Fresh of the news that a cluster of gaming heavyweights was joining forces with the United Nations Environment Program as part of the 'Playing For The Planet' initiative to combat climate change, Microsoft has announced a pilot program to certify its flagship Xbox console as…
Fresh of the news that a cluster of gaming heavyweights was joining forces with the United Nations Environment Program as part of the ‘Playing For The Planet’ initiative to combat climate change, Microsoft has announced a pilot program to certify its flagship Xbox console as carbon-neutral.
The pilot will look to certify 825,000 Xbox units to begin with marking them as the first-ever gaming consoles to be carbon-neutral, beating PlayStation to the punch despite Sony’s plans to push out its next-generation PlayStation 5 as an eco-console.
Microsoft’s more ambitious aims somewhat overshadow news that the PlayStation 5 would feature a comparatively underwhelming low-power standby mode.
The pilot could set a precedent for console production moving forward and spearhead an industry-wide change ahead of next year’s generational changing of the guard.
Although Microsoft’s business operations have run on a carbon-neutral basis for the better part of seven years, the company says carbon-neutral consoles are but one step towards further cutting emissions;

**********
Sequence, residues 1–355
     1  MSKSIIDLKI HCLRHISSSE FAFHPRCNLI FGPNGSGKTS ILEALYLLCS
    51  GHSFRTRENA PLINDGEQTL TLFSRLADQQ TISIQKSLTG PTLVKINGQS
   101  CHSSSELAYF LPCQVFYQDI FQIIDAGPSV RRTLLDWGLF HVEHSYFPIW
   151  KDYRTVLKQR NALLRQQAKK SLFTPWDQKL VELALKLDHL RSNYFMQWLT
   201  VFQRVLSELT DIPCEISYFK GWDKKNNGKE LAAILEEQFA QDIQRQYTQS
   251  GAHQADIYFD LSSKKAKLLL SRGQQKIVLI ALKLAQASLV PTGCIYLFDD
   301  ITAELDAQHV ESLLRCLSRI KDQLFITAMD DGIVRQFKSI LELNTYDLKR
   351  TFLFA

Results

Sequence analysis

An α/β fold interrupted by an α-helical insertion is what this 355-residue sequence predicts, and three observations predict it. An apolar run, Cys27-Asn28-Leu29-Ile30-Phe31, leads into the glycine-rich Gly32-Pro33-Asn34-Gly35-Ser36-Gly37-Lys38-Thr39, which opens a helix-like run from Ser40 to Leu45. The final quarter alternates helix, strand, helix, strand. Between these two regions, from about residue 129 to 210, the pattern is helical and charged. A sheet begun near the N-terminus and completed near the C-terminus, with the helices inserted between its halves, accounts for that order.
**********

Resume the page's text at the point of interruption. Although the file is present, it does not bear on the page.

While just a pilot, we’re already looking at what we can do to further reduce and neutralize carbon across devices in the future.
Additionally, Microsoft has vowed to reduce its value and supply chain emissions by 30% by the year 2030, a Science Base Target Initiative-certified figure in line with drives to maintain warming levels to 1.5 degrees or below.
Microsoft says it will continue to engage players in educational and action-based in-game initiatives such as Minecraft’s ‘Build a Better World’ project through its Xbox platform.
While the successive press releases are dripping in platitudes and aren’t precisely timely in the grand scheme of climate change, the initiative could have a wide-reaching impact given the 970 million players attributed to the participant companies.
Whether Microsoft, Sony, et al. can harness this audience for positive change remains to be seen, but carbon-neutral consoles are a worthy first step.
This article was edited by Samburaj Das.